So here's the situation. Apple's iPad is a pretty big deal, no matter what ill feelings the anti-Apple crowd might be harboring. Regardless of the iPad's shortcomings, Apple has officially kicked off the tablet craze predicted to run rampant through the rest of the year, and beyond.
For those of you who don't give a rat's behind about Apple's "magical" tablet or what effect the iPad will have on the ebook market, netbooks, laptops, and world peace, this post is just for you.
If you've ever seen a Blendtec video before, then you know what's about to happen, and you probably couldn't be more excited. And if this is your first time, sit back and enjoy watching as Tom Dickinson thrashes a brand new iPad in the baddest blender around.
No matter where you stand on the whole iPad debate (awesome device or overpriced tablet-wannabe), the launch was nothing short of successful. According to Apple, the company sold over 300,000 iPads in the US as of midnight Saturday, April 3.
"It feels great to have the iPad launched into the world -- it's going to be a game changer," said Steve Jobs, Apple's CEO. "iPad users, on average, downloaded more than three apps and close to one book within hours of unpacking their new iPad."
Apple's sales numbers include pre-orders, deliveries to channel partners, and sales at Apple Retail Stores. Apple also said that the iPad contributed to over one million downloaded apps and over 250,000 ebooks from its iBookstore during its first day.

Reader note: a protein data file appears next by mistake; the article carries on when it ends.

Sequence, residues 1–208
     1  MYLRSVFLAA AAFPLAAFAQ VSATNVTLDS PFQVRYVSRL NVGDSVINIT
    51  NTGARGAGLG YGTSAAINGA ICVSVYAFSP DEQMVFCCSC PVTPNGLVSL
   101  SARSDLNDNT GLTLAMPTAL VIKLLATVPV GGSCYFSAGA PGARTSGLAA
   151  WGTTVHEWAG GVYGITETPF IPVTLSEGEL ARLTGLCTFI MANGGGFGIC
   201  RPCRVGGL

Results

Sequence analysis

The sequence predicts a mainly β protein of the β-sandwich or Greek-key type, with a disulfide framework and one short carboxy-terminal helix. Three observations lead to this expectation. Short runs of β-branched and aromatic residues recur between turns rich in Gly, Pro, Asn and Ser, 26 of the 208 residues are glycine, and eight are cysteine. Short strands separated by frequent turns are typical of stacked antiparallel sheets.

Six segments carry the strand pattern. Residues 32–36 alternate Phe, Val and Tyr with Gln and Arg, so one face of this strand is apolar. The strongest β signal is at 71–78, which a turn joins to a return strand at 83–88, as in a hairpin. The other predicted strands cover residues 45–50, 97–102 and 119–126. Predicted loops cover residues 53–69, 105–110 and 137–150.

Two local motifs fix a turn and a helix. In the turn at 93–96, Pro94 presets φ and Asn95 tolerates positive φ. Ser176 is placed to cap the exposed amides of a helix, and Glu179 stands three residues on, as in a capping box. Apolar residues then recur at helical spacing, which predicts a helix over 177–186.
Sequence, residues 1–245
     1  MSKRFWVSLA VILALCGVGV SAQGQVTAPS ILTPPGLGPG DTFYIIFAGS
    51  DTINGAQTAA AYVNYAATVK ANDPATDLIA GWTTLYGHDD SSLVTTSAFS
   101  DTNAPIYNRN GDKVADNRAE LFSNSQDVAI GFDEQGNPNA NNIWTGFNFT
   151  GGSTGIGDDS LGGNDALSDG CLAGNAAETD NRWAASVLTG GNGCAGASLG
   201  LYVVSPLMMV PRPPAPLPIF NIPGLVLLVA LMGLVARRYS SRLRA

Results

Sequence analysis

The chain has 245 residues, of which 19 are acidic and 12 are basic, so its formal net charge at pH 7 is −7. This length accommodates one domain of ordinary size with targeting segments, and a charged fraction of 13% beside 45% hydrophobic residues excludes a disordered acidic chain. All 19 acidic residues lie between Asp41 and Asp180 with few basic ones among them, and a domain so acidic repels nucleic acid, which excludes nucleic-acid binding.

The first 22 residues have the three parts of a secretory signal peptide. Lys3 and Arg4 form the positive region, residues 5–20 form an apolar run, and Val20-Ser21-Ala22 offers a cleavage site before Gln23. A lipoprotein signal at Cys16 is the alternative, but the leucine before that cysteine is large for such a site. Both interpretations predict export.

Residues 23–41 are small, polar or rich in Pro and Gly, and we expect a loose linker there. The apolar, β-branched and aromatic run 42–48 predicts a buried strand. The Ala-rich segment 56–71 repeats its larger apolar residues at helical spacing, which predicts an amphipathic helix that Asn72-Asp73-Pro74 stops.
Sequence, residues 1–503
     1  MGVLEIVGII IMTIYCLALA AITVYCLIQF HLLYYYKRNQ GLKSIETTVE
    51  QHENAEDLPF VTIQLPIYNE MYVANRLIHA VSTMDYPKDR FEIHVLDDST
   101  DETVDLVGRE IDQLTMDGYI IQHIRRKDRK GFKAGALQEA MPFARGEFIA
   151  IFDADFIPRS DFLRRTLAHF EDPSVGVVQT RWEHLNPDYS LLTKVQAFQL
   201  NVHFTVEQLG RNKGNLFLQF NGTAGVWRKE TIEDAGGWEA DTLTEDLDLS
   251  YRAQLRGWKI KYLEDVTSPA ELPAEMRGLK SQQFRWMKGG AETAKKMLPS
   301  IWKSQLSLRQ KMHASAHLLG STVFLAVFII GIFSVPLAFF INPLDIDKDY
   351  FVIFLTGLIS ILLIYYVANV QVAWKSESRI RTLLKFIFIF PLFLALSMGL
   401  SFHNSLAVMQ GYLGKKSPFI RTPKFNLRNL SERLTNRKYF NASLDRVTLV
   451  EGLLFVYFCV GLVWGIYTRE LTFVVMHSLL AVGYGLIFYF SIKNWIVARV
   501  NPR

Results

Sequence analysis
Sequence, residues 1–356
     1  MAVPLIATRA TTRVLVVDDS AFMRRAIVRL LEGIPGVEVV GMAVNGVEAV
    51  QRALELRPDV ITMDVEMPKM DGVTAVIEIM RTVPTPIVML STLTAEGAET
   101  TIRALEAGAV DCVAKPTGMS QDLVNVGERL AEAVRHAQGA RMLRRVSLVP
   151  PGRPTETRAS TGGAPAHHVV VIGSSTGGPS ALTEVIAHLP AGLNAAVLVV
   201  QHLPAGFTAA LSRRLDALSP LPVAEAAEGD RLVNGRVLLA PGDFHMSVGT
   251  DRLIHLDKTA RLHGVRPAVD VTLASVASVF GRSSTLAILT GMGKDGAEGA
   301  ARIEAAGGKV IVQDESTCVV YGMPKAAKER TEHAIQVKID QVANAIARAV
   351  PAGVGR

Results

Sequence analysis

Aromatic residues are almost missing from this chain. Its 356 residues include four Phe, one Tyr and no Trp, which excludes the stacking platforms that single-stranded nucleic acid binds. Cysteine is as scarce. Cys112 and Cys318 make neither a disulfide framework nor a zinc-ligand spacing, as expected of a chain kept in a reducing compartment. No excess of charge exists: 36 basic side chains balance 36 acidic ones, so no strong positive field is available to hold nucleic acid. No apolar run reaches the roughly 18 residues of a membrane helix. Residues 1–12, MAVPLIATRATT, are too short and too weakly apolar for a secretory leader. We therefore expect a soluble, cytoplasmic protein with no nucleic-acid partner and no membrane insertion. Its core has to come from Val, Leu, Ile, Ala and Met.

Try playing hide-and-seek against Netflix and you'll lose every time. There's just no hiding from Netflix and its streaming service, which is available on all three major game consoles, television sets, standalone players, Blu-ray players, and just about everywhere else.
Netflix's aggressive streaming strategy paid off big for early adopters of Apple's iPad bemoaning the lack the Flash support. Available on the same day the iPad launched, the free app gives Netflix subscribers access to the streaming service's online catalog of movies and TV shows, while also giving iPhone and iPod owners a touch of envy, though not for long.
"Terrific response to our news today about Netflix on the iPad," Steve Swasey, VP of Corporate Communications, wrote in a blog post. "For those of you asking whether Netflix will be on the iPhone and iPod touch: We wouldn't invite you to dinner without planning to serve dessert. In other words, we're working on it so stay tuned."'
When you're finished viewing Netflix movies and reading Marvel comics on your iPad, you can get some work done by downloading Cisco's WebEx Meeting Center app. WebEx is a free business application that allows users to put their heads together online and collaborate with a series of finger taps.
"This latest innovation continues to showcase Cisco's ongoing commitment to bringing the value of collaboration to users on their device of choice," said Debra Chrapaty, senior vice president and general manager, Cisco Collaboration Software Group. "When a powerful collaboration solution like Cisco WebEx Meeting Center for the iPad is combined with an intuitive and WiFi enabled user experience, businesses and users both win."